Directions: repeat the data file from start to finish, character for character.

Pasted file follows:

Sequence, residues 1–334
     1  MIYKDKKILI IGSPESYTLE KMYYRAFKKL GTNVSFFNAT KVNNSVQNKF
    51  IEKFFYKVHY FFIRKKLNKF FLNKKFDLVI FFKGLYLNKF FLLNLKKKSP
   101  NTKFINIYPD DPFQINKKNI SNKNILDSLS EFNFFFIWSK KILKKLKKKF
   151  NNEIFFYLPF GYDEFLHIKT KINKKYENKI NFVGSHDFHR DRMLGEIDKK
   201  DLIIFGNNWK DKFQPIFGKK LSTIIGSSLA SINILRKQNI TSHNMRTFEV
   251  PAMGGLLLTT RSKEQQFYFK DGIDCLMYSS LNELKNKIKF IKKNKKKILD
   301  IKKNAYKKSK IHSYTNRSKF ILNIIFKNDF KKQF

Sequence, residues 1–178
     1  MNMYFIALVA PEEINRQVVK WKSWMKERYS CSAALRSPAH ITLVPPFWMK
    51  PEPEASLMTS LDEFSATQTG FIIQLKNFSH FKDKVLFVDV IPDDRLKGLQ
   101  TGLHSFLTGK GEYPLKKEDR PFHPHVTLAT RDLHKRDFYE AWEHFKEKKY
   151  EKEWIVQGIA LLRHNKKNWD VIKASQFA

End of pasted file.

Sequence, residues 1–334
     1  MIYKDKKILI IGSPESYTLE KMYYRAFKKL GTNVSFFNAT KVNNSVQNKF
    51  IEKFFYKVHY FFIRKKLNKF FLNKKFDLVI FFKGLYLNKF FLLNLKKKSP
   101  NTKFINIYPD DPFQINKKNI SNKNILDSLS EFNFFFIWSK KILKKLKKKF
   151  NNEIFFYLPF GYDEFLHIKT KINKKYENKI NFVGSHDFHR DRMLGEIDKK
   201  DLIIFGNNWK DKFQPIFGKK LSTIIGSSLA SINILRKQNI TSHNMRTFEV
   251  PAMGGLLLTT RSKEQQFYFK DGIDCLMYSS LNELKNKIKF IKKNKKKILD
   301  IKKNAYKKSK IHSYTNRSKF ILNIIFKNDF KKQF

Sequence, residues 1–178
     1  MNMYFIALVA PEEINRQVVK WKSWMKERYS CSAALRSPAH ITLVPPFWMK
    51  PEPEASLMTS LDEFSATQTG FIIQLKNFSH FKDKVLFVDV IPDDRLKGLQ
   101  TGLHSFLTGK GEYPLKKEDR PFHPHVTLAT RDLHKRDFYE AWEHFKEKKY
   151  EKEWIVQGIA LLRHNKKNWD VIKASQFA